Re: [websec] Authentic inter-domain relationships. Is this a security problem? Appropriate for websec?

Tobias Gondrom <tobias.gondrom@gondrom.org> Tue, 20 January 2015 01:30 UTC

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Date: Tue, 20 Jan 2015 01:30:35 +0000
From: Tobias Gondrom <tobias.gondrom@gondrom.org>
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Subject: Re: [websec] Authentic inter-domain relationships. Is this a security problem? Appropriate for websec?
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Hi Chris,

good to hear.

And just to add: even without websec, if you think something that goes 
beyond DNS namespace relationships or the scope of the other WG is 
needed, at the IETF there is also the possibility for individual 
submissions. Downside with individual drafts is, it is much harder to 
get good community review and assemble a team working on the draft. But 
this option is available.

All the best, Tobias




On 20/01/15 01:22, Chris Hartmann wrote:
> Thanks Jeff, Tobias.
>
> Yes, dbound does seem to resonate pretty well with where I was going
> here. Ironic and fortunate to catch it now while it's still
> crystalizing. Although I believe there is room to contemplate
> extending the concept beyond pure DNS namespace relationships (I'd
> like to see URI<->URI), some of the core problems/principals seem to
> be the same, great.
>
> Chris
>
> On Wed, Jan 14, 2015 at 4:16 AM, Tobias Gondrom
> <tobias.gondrom@gondrom.org>; wrote:
>> Hi Chris, hi all,
>>
>> let me say, I can see a missing link here which would be nice to solve.
>>
>> Btw. another example coming to mind would be the connection with external
>> payment services or increasing number of references to cloud based services
>> (where it is not sure that a.com is indeed using b.com).
>> E.g. e-commerce sites linking to paypal or Mastercard / Visa vericode (or
>> whatever they call it) directly out of the e-commerce site...
>>
>> Some improvement in the trust chain could indeed be valuable here.
>>
>> Having said that, if another WG is already working in this area - Jeff
>> mentioned dbound - then my recommendation would be to take the work there.
>> WEBSEC is about to be closed, we are only waiting for the final release of
>> our last document.
>>
>> Best regards, Tobias
>>
>>
>>
>>
>>
>> On 14/01/15 00:44, Jeffrey Walton wrote:
>>>> Is this a security problem? I think so.
>>> Yes. Knowing the relationship would be helpful in a security context.
>>>
>>>> I have a few ideas on how this could be improved/implemented.
>>> Dbound is poking and prodding at related issues. And they are
>>> finalizing their charter now. You might consider reading some of the
>>> recent posts and commenting.
>>>
>>> https://www.ietf.org/mailman/listinfo/dbound.
>>>
>>> Jeff
>>>
>>> On Mon, Jan 12, 2015 at 2:18 PM, Chris Hartmann <cxhartmann@gmail.com>;
>>> wrote:
>>>> 1) Bob trusts and does personal business with a.com.
>>>>
>>>> 2) a.com forms a business relationship with b.com to perform a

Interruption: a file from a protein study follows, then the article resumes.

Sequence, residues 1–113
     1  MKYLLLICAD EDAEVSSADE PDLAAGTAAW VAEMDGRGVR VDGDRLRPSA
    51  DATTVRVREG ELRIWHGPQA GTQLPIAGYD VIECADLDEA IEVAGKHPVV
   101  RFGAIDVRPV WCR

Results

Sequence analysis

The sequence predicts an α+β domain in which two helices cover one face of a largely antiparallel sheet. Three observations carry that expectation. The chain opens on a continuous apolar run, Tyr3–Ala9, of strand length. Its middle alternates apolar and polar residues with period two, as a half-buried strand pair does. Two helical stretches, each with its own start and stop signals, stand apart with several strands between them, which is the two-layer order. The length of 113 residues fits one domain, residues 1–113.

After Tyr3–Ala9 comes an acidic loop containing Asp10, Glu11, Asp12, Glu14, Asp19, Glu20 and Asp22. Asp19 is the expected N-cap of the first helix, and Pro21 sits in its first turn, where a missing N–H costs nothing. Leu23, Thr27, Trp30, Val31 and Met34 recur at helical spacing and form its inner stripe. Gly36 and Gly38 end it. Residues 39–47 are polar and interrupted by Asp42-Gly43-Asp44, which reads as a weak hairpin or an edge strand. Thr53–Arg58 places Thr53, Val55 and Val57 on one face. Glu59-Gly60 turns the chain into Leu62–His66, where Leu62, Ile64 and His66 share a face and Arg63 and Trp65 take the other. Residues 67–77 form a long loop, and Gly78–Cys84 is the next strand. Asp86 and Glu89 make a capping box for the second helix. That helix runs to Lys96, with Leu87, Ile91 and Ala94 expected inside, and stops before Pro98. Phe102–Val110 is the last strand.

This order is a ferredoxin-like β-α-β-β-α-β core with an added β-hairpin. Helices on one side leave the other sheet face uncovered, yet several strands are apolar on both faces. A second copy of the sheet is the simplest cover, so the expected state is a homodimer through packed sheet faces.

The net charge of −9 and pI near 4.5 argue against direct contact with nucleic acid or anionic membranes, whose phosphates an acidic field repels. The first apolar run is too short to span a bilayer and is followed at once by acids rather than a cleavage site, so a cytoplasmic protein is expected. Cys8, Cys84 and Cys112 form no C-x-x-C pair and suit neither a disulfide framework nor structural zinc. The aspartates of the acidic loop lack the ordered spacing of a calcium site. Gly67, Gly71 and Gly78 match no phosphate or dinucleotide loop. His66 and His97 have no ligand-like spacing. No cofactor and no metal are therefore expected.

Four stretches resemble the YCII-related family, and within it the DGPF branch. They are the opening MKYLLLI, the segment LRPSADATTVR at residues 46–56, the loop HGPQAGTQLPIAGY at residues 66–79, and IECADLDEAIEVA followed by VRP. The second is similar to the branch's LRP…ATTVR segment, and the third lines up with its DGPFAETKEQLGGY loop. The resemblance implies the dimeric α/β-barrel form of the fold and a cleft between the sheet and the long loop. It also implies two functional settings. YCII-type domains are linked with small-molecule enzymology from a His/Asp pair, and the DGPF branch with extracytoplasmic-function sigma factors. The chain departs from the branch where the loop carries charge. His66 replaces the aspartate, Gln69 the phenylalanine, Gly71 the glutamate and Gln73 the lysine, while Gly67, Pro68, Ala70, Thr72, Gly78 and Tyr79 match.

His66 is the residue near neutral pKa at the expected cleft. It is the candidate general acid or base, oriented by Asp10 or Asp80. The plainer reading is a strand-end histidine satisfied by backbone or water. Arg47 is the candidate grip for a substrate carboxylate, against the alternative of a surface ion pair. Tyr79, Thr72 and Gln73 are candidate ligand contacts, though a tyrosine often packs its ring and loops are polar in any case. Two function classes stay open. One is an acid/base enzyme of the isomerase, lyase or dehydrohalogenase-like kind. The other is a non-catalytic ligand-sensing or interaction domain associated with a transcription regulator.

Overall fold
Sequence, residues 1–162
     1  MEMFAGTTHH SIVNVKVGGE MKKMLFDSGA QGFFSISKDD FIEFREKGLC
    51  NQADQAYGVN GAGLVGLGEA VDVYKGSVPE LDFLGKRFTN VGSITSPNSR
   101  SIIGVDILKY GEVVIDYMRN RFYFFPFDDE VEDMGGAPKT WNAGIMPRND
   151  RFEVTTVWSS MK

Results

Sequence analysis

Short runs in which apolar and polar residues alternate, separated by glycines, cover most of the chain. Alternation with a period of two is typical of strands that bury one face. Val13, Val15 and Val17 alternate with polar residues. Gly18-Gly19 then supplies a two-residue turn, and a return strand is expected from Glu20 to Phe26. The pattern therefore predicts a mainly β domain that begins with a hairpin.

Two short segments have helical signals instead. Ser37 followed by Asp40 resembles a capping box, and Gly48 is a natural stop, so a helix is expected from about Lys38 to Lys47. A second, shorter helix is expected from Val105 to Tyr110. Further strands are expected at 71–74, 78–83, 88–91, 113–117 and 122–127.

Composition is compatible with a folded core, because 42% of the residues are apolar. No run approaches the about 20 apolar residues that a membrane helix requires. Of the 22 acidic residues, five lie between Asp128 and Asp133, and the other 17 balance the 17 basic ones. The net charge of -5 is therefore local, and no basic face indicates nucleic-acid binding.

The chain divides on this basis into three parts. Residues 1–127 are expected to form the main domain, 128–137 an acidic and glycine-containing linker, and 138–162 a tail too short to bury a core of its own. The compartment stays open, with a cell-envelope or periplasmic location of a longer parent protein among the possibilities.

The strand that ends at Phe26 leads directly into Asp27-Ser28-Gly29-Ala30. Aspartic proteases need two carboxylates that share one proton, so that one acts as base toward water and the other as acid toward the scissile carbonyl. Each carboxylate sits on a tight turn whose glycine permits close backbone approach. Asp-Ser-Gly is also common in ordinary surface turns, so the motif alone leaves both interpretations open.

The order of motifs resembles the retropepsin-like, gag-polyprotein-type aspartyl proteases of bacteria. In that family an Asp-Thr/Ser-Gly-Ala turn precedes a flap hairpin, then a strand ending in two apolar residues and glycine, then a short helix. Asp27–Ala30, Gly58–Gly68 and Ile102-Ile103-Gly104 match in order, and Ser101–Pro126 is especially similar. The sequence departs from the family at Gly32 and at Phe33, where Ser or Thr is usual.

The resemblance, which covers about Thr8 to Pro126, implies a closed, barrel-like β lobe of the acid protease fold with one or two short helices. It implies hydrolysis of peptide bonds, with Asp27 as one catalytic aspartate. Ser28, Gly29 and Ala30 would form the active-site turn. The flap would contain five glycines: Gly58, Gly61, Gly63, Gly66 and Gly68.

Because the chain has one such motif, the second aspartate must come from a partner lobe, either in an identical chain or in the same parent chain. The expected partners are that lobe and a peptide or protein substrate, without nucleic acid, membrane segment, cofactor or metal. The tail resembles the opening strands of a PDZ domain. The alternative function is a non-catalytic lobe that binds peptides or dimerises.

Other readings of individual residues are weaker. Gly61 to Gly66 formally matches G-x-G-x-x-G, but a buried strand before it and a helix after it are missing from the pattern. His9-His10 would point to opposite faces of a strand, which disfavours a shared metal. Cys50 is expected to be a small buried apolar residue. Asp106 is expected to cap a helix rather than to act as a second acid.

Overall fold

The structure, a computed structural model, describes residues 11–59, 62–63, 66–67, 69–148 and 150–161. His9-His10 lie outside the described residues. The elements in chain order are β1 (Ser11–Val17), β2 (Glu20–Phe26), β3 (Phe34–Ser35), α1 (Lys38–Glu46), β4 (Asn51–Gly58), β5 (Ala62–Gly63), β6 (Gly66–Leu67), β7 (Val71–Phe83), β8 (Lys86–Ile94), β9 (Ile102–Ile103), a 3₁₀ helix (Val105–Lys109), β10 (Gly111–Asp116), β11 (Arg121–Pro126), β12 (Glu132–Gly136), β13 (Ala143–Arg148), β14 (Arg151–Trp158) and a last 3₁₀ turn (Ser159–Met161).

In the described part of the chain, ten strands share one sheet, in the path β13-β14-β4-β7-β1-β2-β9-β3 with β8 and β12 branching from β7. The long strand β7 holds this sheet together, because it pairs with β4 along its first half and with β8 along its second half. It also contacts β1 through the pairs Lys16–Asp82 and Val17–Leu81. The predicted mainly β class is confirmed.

>>>> business function on its behalf (payment processor, blog, whatever).
>>>> The landing page is b.com/a
>>>>
>>>> 3) Bob visits b.com/a and notices that the page claims to be
>>>> affiliated and owned by a.com
>>>>
>>>> 4) How can Bob, in absolute terms, trust that b.com/a is affiliated
>>>> and a delegated service by a.com? (say, prior to submitting sensitive
>>>> information)
>>>>
>>>> Is this a security problem? I think so.
>>>>
>>>> We’ve all had to make this decision one time or another on weak
>>>> inferences and correlations. I’d imagine Phishers don’t mind at all
>>>> that there is an inability for the common internet user (looking at
>>>> you grandma) to make the judgement call on web service affiliations.
>>>> They’ve been conditioned with the best practice of looking at the
>>>> address bar (and perhaps the DNS namespace) along with the lock icon
>>>> to indicate trustworthiness, which may actually help the attacker in
>>>> their act of misdirection. Inter-domain relationships model business
>>>> relationships and trust. If web users could be armed with a new
>>>> “sense” which proves these legitimate relationships (say
>>>> cryptographically) then perhaps they would have more reason to be
>>>> skeptical of those who cannot prove their affiliation. I’m not saying
>>>> we can take human judgement completely out of the equation, but why
>>>> not have a tool to help anchor this commonly needed and risky
>>>> correlation.
>>>>
>>>> Eg:
>>>>
>>>> 5) https://c.com/a is a bad guy and claims the same thing as b.com/a .
>>>> Now who to trust becomes a research project. (But c.com has the https
>>>> lock icon, doesn’t that count for anything: NO)
>>>>
>>>>
>>>> Use case a) Tim submits a payment to a redcross.org Paypal donation
>>>> page he found via his favorite search engine. It was a scam. (We can
>>>> argue a violation of "best practices" here, but that is besides the
>>>> point)
>>>>
>>>>
>>>> I suppose phishing isn’t the only example. It could apply to any case
>>>> where you want to logically group the identity of one entity across
>>>> many domain boundaries owned by different parties. (eg. A popular band
>>>> has many web points of presence for fans, etc). This same mechanism
>>>> could “certify” that these web assets are under one umbrella, although
>>>> they don’t exist under one domain hierarchy.
>>>>
>>>> Should we solve this? Is it solved already? Could use help gelling or
>>>> junking this idea.
>>>>
>>>> I have a few ideas on how this could be improved/implemented.
>>>>
>>>> Cheers,
>>>>
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>>